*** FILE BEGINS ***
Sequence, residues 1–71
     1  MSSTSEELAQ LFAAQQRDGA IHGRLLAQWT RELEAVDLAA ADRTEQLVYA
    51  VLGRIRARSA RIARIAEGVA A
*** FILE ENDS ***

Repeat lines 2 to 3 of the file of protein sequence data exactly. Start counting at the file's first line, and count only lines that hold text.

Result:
     1  MSSTSEELAQ LFAAQQRDGA IHGRLLAQWT RELEAVDLAA ADRTEQLVYA
    51  VLGRIRARSA RIARIAEGVA A